By November 8, 2012 0 Comments Read More →

Guilt and group think: a single click makes you a cool member of the mass

Pressure on the word ‘like’ began when Facebook claimed it as a one-click declaration that something digital had meaning.

Back in the day we were independent thinkers. We clicked on Like because, well, we liked something. We learned to exercise our ability to ‘Unlike’ something we already ‘Liked’ if the click was accidental or if the person behind the content crossed us. We’ve never clicked ‘Don’t-like’ because that option isn’t available. We never considered Like as being the equivalent to Trust since that’s not what liking is. But, it’s a safe bet there would be far fewer clicks if the button was labeled ‘Trust.’

In many ways, Like jumped the shark when advertisers asked us to Like their brand, service, product or idea. Retailers have taken to proudly taping posters of the familiar thumb-up icon to their storefront windows. Hmm….

The worst thing happened to Like when it was hijacked as a tool of guilt. The result is people mindlessly, perhaps dutifully or even accidentally, clicking Like to declare respect for fallen soldiers, pronounce they ‘hate bullying’ or belief that ‘nurses rock’ (see collage, below). At the risk of sounding cantankerous, Liking an image does not send a ripple through the world. But, it may help the content get mentioned by a journalist as having ‘gone viral’.

As an aside, this next example was a result from a Google search… a woman is asking people if they would Like her facebook group as a way of pledging $1 to help make her a mother.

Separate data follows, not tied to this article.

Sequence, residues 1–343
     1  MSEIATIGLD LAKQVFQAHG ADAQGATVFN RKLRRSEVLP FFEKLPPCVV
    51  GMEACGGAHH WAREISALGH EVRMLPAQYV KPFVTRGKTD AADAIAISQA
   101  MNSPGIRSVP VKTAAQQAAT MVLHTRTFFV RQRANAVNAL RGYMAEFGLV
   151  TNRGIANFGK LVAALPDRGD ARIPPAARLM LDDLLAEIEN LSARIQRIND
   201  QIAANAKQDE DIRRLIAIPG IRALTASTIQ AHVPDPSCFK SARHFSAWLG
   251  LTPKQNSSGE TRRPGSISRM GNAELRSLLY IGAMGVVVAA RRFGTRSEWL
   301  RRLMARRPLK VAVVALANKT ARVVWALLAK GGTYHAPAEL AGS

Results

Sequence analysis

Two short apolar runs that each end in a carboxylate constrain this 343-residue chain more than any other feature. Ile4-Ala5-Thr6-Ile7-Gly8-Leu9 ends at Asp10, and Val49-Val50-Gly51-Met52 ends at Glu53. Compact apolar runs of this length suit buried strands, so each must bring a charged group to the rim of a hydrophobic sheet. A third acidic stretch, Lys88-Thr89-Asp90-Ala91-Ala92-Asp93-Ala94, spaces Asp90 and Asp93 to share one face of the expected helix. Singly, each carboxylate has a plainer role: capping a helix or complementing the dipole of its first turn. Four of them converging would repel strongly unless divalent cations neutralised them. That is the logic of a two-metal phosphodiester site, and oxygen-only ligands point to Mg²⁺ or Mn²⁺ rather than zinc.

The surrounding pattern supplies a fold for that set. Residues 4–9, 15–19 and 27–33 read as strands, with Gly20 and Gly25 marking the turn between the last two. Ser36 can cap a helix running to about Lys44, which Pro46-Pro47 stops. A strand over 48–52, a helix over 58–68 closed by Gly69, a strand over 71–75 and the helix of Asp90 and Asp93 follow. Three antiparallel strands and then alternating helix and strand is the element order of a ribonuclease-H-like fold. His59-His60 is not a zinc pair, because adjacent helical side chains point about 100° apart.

Retweets (RTs) have gone a similar same way. Advertisers ask us to RT their promotions. How come they never asked us to buy a few extra copies of the newspaper and hand them out so others would see their ad?

Even Barack Obama asks people to RT him to encourage people to group-identify. And people do. Lots of people. And why not? The President told them to.

So, after all my compaining about the assault on two well-meaning features (both of which I still use, by the way), let me share a perfect example of why telling people to Like or RT something to group-identify devalues the act.

The most popular tweet ever didn’t tell people to do anything. It just struck an emotional chord with people. It contained only three words and a picture. And people RT’d it of their own accord.

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About the Author:

Mark Blevis is a digital public affairs strategist and President of FullDuplex.ca, an integrated digital communications, public affairs and research company. His work focuses on the role of digital tools and culture on issues and reputation management. He also leads research into how Canadian opinions are shaped through online content and interactions.